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Don’t look now, but Netflix has a superhero problem

The last Defender turns out to be a charmless, whiny man-child

‘Iron Fist’ is a catastrophically bland series with an uninteresting protagonist.
‘Iron Fist’ is a catastrophically bland series with an uninteresting protagonist.

It is apparently Donald Trump’s fault. The fact that Marvel Studios, which churns out knockout hit after knockout hit, finally has a dud on its hands, is — we’re told — his bad. After smash hits like Daredevil and Jessica Jones, something truly odorous has emerged from the Marvel stable.

Nobody deserves to watch Iron Fist. It is a catastrophically bland series with an uninteresting protagonist. The writing is embarrassing. The actor playing hero Danny Rand — a dragon-punching kung fu superhero, responsible for raising some well-sketched hell in the comics — has turned the character into a charmless, gormless man-child who has no business shouldering a 13-episode series.

This chap, Finn Jones — who looks like Hyde from That ’70s Show with a minor haircut and a perpetual hangover — says everyone hates the series because Trump has made it uncool for a superhero to be a white billionaire. That archetype is now “public enemy number one" and not someone audiences can throw themselves behind, opines Jones. (Somewhere in the shadows, Batman, Iron Man and Elon Musk are polishing their toys and shaking their heads.)

To be fair, this declaration isn’t as stupid as it sounds. Marvel and Jones received much flak for casting a white man in a kung fu role — even though the original character from the comics is white — but those origins were drawn up in the ’70s and could use a serious refresh. Instead of making a white man the chosen one in a martial arts fantasy, the creators had the option to hand the baton to an Asian hero and create something thrillingly diverse and potentially groundbreaking. Alas, petitions went unheard and Marvel churned out this tone-deaf series about a whiny brat.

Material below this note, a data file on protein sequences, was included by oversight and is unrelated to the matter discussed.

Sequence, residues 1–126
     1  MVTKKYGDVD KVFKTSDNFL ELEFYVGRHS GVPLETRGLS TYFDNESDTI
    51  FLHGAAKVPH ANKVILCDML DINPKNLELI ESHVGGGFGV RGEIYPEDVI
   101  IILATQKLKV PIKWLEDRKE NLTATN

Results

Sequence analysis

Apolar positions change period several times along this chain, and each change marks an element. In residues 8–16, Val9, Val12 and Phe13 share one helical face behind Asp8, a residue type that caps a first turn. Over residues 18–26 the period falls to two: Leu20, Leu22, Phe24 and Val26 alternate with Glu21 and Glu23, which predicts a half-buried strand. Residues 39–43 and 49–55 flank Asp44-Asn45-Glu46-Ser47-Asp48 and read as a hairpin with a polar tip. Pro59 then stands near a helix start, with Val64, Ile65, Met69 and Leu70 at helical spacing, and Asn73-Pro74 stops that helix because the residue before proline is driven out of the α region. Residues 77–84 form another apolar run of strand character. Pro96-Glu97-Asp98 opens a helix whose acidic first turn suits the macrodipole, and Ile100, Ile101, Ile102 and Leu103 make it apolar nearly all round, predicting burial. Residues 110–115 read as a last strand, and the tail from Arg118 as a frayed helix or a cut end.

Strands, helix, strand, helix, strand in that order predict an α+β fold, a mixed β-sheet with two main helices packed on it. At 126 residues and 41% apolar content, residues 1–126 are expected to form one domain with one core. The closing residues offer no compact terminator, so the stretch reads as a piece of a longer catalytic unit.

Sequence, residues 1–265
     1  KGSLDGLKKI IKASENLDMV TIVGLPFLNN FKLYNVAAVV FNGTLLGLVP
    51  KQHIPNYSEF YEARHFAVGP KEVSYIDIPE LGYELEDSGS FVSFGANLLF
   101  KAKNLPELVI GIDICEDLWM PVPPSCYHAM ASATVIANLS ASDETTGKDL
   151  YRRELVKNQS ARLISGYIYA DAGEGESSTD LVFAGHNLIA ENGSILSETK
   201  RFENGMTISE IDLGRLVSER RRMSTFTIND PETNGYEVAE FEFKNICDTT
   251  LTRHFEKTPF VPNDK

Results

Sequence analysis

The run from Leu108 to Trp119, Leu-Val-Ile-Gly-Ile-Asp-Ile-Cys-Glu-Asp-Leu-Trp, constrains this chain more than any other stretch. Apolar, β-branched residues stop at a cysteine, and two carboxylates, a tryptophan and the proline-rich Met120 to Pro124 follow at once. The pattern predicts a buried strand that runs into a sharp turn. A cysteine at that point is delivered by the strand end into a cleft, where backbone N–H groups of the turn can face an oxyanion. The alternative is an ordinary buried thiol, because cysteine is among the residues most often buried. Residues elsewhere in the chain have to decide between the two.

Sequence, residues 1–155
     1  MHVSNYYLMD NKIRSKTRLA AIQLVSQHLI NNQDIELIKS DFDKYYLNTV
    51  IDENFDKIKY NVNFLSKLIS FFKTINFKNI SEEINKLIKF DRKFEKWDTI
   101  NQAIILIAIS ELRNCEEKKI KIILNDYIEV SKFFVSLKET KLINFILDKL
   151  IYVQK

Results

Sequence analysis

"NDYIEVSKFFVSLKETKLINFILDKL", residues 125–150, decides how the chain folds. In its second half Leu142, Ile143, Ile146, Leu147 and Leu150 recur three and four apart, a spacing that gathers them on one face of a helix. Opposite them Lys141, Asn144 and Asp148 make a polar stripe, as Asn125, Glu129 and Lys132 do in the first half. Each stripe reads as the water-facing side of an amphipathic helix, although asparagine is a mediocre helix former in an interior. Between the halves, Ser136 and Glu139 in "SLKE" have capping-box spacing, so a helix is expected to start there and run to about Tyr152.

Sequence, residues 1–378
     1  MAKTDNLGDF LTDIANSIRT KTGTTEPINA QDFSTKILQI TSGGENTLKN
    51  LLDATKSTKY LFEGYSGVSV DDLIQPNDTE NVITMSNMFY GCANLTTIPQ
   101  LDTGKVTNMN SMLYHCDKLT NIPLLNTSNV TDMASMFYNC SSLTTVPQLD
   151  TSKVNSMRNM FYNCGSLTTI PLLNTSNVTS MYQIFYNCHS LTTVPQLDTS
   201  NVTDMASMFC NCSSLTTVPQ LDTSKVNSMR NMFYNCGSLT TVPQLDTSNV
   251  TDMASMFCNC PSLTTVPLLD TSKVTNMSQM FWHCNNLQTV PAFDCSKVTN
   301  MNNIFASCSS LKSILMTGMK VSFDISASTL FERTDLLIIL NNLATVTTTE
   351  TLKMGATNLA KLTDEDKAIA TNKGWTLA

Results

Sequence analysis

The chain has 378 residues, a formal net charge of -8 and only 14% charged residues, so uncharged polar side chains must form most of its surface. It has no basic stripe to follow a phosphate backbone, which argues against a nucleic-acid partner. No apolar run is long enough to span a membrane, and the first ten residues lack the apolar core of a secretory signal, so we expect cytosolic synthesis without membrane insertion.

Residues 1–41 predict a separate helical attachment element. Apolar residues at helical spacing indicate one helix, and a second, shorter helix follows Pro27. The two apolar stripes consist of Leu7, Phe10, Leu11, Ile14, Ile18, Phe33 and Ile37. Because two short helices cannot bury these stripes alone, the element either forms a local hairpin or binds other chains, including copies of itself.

When the first season of Daredevil premiered on Netflix two years ago, jaws dropped. It was slickly produced, with fine characters and wondrous fight choreography — a hallway sequence remains a milestone in superhero fight scenes — and, more importantly, the binge-watch was brilliantly suited to a comic-book narrative. When a reader devours a story arc spread across multiple issues, each individual fragment holds pleasure, certainly, but it’s even more exhilarating to re-read the last bit and save up the next bit, gathering narrative momentum and, finally, swallowing the entire story whole, a gluttonous overnight gulp that leaves the reader spent and sated and smiling. It’s the stuff Netflix dreams are made of.

Jessica Jones upped the ante. It was dark and brutal in ways Marvel hadn’t yet explored, and had a phenomenal female protagonist, but the creaks imposed by the format were starting to show. Was it a good idea, for example, to create 13-episode stories with one primary antagonist? This reduces the storytelling stakes in, say, episodes 6 through 10, because you know nothing conclusive (or too lethal) can happen, making for an inevitable drag until the climactic showdown.

The second season of Daredevil was just about okay, and Luke Cage turned out to be a relatively vacant show with a lethal soundtrack. Despite being long in the tooth, this stuff worked for true believers. The comic-book completist knew Netflix had him/her covered.

And now comes Iron Fist. It is a truly mediocre show, yet the principal reason Iron Fist is awful doesn’t have to do with how the show is but, rather, why it has been made in the first place. The plan for the Marvel Television Universe is to create these four characters in individual shows and then, just like The Avengers on the big screen, to throw them together and create a giant multistarrer series called The Defenders, featuring them all punching bad guys in unison.

It’s a fine idea in theory, but each individual piece has to have its own charm. Daredevil had finesse, Jessica Jones had personality, Luke Cage had swagger. This new show, with none of the above, shows just how lukewarm the Marvel template feels. How much placeholder television are we expected to watch in the hope that the endgame will be worth it?

Spoiler alert: It’ll probably disappoint. As someone who has read and grimaced through many a gigantic “crossover event" where characters from various comics have a tediously massive and prolonged adventure together, I assure you that most crossover events are not worth the slog. Also, they aren’t worth the hassle of reading each interrelated comic book. If you only like two characters, read their issues and the story will still fall pretty much into place. Which is why you can easily watch, say, just Jessica Jones and The Defenders and you’ll still be sorted.

The superhero genre isn’t what it used to be, and there remains little room for templates. Deadpool is unashamedly irreverent, Logan is a bleak Western, Guardians Of The Galaxy may well turn out to be this generation’s Star Wars, and Legion looks like something Stanley Kubrick conjured up during a monthful of Sundays. Marvel, the former house of ideas and current builder of on-screen universes, needs to pull up its spiderwebbed socks. Superheroes deserve super stories.

And super actors. There is exactly one good thing about Iron Fist: the striking Carrie-Anne Moss playing the sharpest of lawyers, classing up even this show with her supremely snarky eyebrows. She may not be punching metal walls, but wow. Give her a series, Netflix. There’s no superpower like style.

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